"1. Plan ahead.
And, I mean waaaaayyyyyyyyyy ahead. If you have a chronic illness, you know how much your body and mind rely on routines. Traveling takes you out of your routine (on purpose).
Write down all the things that keep you functioning on a daily basis, from medications to stretching, and make a plan for how to bring these into your vacation. List every item you"d like to (and need to) bring with you and start pulling a few things out each day in small increments pretty soon, you"re all packed with time to relax before you leave!
2. Speak up.
And, listen to your body. Depending on the point you are at with your illness, you may or may not know your physical limits of traveling, but you do know how you feel.
If you start to realize that you"ve overdone it, or know that while a 15 mile hike sounds fun (does it, really?), a 5 mile walk would be just as enjoyable and less taxing say so! Many chronic illnesses are invisible, so it"s important to remind our travel partners that even though we look "fine," we might feel extremely "not fine" on the inside.
3. Include recovery time.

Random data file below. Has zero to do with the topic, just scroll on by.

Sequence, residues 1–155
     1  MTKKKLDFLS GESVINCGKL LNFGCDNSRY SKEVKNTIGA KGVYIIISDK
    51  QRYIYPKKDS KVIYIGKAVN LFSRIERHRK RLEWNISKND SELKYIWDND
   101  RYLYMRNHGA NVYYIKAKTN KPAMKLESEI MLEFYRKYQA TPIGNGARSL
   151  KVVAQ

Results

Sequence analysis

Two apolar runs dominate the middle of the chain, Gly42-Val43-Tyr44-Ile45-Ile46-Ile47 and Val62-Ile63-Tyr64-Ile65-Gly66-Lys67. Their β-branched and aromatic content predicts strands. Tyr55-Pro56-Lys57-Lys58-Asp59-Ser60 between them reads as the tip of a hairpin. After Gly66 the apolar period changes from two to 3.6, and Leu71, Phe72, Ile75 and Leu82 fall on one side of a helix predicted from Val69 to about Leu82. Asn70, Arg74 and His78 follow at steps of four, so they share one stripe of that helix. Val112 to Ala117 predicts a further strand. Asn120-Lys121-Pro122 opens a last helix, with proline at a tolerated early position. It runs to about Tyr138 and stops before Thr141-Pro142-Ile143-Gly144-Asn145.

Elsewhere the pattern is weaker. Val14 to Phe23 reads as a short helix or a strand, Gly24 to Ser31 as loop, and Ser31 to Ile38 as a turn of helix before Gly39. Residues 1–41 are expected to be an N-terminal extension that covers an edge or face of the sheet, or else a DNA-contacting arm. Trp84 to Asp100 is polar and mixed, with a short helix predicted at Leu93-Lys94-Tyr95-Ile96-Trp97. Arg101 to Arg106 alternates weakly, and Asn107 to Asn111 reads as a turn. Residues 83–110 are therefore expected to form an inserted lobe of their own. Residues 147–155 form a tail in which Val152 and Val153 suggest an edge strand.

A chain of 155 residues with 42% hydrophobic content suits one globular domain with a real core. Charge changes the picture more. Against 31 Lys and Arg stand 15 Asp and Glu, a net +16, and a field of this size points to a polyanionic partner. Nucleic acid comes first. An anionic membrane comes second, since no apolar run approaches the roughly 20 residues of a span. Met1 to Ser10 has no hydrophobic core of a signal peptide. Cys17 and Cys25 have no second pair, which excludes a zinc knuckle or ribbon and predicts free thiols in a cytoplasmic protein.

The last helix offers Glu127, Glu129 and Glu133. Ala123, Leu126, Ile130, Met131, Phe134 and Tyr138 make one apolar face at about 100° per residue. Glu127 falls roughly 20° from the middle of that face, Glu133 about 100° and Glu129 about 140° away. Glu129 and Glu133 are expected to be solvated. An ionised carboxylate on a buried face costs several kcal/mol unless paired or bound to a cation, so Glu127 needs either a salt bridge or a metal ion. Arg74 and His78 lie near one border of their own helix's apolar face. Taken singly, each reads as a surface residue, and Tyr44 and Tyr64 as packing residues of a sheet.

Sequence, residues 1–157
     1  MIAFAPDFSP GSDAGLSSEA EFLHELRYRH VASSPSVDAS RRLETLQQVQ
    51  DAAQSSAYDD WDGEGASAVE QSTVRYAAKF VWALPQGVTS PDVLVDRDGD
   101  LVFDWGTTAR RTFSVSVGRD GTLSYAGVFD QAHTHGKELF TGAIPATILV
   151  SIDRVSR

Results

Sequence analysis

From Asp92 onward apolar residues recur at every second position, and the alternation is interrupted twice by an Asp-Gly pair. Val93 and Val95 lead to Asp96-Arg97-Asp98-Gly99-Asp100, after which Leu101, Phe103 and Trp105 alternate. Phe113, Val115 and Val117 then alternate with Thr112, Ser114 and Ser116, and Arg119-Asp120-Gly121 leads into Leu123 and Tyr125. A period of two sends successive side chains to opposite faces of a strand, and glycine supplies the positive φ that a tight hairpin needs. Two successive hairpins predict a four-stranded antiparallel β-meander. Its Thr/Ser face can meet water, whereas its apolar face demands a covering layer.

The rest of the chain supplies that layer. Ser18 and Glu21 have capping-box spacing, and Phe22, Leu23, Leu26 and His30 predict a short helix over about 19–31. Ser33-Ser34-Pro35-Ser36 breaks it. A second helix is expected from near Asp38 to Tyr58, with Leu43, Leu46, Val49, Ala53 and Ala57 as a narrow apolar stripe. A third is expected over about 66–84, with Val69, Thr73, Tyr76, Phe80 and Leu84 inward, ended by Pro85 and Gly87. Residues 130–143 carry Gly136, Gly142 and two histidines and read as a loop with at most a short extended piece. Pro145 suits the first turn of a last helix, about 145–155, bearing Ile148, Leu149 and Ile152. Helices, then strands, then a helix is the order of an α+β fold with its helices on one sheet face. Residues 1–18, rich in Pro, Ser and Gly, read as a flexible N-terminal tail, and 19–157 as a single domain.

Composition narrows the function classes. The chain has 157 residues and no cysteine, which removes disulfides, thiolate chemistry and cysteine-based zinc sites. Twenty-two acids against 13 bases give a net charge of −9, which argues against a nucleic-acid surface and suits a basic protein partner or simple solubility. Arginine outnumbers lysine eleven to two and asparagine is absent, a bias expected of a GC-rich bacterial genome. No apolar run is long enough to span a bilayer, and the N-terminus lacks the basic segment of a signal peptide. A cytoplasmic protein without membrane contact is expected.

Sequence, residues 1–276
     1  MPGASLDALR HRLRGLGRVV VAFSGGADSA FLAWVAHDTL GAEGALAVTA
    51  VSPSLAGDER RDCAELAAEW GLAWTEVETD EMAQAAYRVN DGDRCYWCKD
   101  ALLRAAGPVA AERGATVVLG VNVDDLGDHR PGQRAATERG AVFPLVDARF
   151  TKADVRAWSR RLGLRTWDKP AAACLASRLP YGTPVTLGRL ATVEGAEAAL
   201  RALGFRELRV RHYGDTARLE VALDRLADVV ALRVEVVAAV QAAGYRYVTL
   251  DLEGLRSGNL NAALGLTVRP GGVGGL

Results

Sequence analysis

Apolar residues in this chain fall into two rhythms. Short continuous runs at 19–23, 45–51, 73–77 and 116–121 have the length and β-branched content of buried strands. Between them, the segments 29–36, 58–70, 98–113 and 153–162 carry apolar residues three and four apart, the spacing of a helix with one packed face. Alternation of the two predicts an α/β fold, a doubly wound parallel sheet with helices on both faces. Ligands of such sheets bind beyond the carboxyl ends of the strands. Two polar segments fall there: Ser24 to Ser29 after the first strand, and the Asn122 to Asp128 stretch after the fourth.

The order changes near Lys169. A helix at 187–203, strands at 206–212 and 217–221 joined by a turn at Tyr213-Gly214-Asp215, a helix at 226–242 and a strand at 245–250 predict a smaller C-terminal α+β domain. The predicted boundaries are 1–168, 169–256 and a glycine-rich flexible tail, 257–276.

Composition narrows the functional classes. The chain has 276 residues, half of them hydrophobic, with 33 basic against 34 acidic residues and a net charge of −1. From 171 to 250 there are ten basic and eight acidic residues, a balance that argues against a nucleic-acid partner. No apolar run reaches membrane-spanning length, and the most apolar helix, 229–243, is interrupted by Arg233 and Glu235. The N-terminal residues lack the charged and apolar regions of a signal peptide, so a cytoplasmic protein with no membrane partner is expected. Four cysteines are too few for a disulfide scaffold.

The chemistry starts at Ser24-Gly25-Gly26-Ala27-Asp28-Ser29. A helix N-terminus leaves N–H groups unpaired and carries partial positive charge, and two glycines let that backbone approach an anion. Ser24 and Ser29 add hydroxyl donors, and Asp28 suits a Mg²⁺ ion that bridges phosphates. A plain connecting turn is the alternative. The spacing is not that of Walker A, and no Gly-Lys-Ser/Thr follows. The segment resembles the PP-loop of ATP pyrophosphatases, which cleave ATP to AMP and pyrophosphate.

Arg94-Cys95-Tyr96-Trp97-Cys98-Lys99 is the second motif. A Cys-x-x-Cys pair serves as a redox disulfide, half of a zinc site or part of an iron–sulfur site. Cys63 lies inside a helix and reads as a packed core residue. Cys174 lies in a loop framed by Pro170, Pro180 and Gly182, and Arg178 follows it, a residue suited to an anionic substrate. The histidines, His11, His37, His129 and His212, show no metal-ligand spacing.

It is important to include recovery time (this looks different for everyone) each day of your trip, but also after you return home. If your body takes a few (or several) days to get back to baseline after a vacation, let yourself have as much of that time as possible.
Don"t schedule anything "big" for right after you return, and look for ways to ease back into your job (of course, not possible for everyone) and daily responsibilities. Included in this recovery time would be asking for help. Before, during AND after a trip can be a time where we might need some extra support from family, friends, and healthcare providers!
Reach out for support
When you live with Chronic Illness, Anxiety, Depression, and other emotional or physical symptoms can be exacerbated by everything that goes into traveling. If need help navigating and reducing these symptoms, please reach out for support!"
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